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Hypertension ; 77(6): 2014-2022, 2021 06.
Article in English | MEDLINE | ID: covidwho-1221676


Presence of heart failure is associated with a poor prognosis in patients with coronavirus disease 2019 (COVID-19). The aim of the present study was to examine whether first-phase ejection fraction (EF1), the ejection fraction measured in early systole up to the time of peak aortic velocity, a sensitive measure of preclinical heart failure, is associated with survival in patients hospitalized with COVID-19. A retrospective outcome study was performed in patients hospitalized with COVID-19 who underwent echocardiography (n=380) at the West Branch of the Union Hospital, Wuhan, China and in patients admitted to King's Health Partners in South London, United Kingdom. Association of EF1 with survival was performed using Cox proportional hazards regression. EF1 was compared in patients with COVID-19 and in historical controls with similar comorbidities (n=266) who had undergone echocardiography before the COVID-19 pandemic. In patients with COVID-19, EF1 was a strong predictor of survival in each patient group (Wuhan and London). In the combined group, EF1 was a stronger predictor of survival than other clinical, laboratory, and echocardiographic characteristics including age, comorbidities, and biochemical markers. A cutoff value of 25% for EF1 gave a hazard ratio of 5.23 ([95% CI, 2.85-9.60]; P<0.001) unadjusted and 4.83 ([95% CI, 2.35-9.95], P<0.001) when adjusted for demographics, comorbidities, hs-cTnI (high-sensitive cardiac troponin), and CRP (C-reactive protein). EF1 was similar in patients with and without COVID-19 (23.2±7.3 versus 22.0±7.6%, P=0.092, adjusted for prevalence of risk factors and comorbidities). Impaired EF1 is strongly associated with mortality in COVID-19 and probably reflects preexisting, preclinical heart failure.

COVID-19 , Echocardiography , Heart Failure , Stroke Volume , Adult , Aged , COVID-19/mortality , COVID-19/physiopathology , COVID-19/therapy , China/epidemiology , Comorbidity , Echocardiography/methods , Echocardiography/statistics & numerical data , Heart Failure/diagnosis , Heart Failure/epidemiology , Heart Failure/physiopathology , Hospitalization/statistics & numerical data , Humans , Male , Middle Aged , Outcome and Process Assessment, Health Care , Predictive Value of Tests , Prevalence , Prognosis , SARS-CoV-2/isolation & purification , Survival Analysis , United Kingdom/epidemiology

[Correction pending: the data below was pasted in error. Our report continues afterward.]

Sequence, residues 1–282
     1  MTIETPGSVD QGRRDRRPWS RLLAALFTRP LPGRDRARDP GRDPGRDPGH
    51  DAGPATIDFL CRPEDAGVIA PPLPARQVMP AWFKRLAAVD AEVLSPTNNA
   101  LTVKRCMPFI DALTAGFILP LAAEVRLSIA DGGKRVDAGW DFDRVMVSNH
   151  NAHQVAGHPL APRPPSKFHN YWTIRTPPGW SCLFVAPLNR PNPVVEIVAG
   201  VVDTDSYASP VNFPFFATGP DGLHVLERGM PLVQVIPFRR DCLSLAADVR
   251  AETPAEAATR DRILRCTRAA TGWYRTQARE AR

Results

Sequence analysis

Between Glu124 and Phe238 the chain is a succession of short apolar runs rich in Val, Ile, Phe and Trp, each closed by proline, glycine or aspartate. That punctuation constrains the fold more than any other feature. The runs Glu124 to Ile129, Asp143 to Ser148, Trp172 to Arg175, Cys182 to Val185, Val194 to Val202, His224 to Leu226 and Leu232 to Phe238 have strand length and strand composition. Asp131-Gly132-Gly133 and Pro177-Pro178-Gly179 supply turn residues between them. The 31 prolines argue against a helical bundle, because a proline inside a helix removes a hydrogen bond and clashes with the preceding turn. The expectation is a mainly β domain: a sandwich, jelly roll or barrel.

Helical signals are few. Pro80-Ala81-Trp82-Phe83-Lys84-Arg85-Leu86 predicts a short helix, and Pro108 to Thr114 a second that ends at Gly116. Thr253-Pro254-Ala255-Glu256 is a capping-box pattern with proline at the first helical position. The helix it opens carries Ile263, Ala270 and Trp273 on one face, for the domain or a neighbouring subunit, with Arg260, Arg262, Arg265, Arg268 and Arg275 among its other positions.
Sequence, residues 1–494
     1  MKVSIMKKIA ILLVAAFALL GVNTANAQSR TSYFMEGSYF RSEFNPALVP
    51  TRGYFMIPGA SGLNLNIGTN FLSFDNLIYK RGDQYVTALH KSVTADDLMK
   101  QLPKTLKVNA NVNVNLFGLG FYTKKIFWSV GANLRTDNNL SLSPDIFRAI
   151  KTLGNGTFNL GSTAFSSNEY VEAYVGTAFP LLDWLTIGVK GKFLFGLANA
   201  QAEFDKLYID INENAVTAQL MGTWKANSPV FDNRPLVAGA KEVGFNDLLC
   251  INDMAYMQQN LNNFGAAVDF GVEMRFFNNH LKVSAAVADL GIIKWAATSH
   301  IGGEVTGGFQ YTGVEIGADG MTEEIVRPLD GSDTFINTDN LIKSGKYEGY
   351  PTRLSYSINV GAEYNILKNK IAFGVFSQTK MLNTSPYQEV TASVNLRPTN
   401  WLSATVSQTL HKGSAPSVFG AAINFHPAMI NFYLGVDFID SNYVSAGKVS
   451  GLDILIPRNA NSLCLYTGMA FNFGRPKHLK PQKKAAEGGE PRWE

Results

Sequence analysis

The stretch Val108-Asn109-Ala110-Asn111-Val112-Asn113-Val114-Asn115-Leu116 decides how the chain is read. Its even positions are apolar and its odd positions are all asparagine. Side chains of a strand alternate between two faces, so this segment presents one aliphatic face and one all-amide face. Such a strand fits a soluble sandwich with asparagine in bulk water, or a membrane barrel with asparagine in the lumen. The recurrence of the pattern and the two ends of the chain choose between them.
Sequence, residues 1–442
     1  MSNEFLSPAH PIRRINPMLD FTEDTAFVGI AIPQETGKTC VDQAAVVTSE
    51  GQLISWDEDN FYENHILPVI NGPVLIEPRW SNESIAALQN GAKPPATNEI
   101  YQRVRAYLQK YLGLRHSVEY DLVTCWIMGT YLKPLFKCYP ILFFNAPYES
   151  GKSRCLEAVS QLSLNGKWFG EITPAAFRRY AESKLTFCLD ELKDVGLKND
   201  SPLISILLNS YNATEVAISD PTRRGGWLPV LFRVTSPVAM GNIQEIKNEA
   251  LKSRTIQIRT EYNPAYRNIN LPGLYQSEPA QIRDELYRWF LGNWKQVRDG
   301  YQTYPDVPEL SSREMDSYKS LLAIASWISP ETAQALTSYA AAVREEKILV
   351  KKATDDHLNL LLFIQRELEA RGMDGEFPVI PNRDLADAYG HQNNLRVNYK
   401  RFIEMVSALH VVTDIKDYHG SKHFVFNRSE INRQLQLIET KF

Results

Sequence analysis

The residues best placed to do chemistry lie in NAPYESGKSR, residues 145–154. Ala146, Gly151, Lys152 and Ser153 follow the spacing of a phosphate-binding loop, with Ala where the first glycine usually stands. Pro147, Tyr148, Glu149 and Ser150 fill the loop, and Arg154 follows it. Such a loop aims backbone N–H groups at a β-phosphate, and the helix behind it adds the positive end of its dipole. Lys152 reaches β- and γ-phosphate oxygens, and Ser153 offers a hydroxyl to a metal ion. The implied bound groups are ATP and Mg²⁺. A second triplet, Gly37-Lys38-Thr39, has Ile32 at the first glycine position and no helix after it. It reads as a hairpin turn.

Front Cardiovasc Med ; 8: 642973, 2021.
Article in English | MEDLINE | ID: covidwho-1167307


Background: The cardiac manifestations of coronavirus disease 2019 (COVID-19) patients with cardiovascular disease (CVD) remain unclear. We aimed to investigate the prognostic value of echocardiographic parameters in patients with COVID-19 infection and underlying CVD. Methods: One hundred fifty-seven consecutive hospitalized COVID-19 patients were enrolled. The left ventricular (LV) and right ventricular (RV) structure and function were assessed using bedside echocardiography. Results: Eighty-nine of the 157 patients (56.7%) had underlying CVD. Compared with patients without CVD, those with CVD had a higher mortality (22.5 vs. 4.4%, p = 0.002) and experienced more clinical events including acute respiratory distress syndrome, acute heart injury, or deep vein thrombosis. CVD patients presented with poorer LV diastolic and RV systolic function compared to those without CVD. RV dysfunction (30.3%) was the most frequent, followed by LV diastolic dysfunction (9.0%) and LV systolic dysfunction (5.6%) in CVD patients. CVD patients with high-sensitivity troponin I (hs-TNI) elevation or requiring mechanical ventilation therapy demonstrated worsening RV function compared with those with normal hs-TNI or non-intubated patients, whereas LV systolic or diastolic function was similar. Impaired RV function was associated with elevated hs-TNI level. RV function and elevated hs-TNI level were independent predictors of higher mortality in COVID-19 patients with CVD. Conclusions: Patients with COVID-19 infection and underlying CVD displayed impaired LV diastolic and RV function, whereas LV systolic function was normal in most patients. Importantly, RV function parameters are predictive of higher mortality.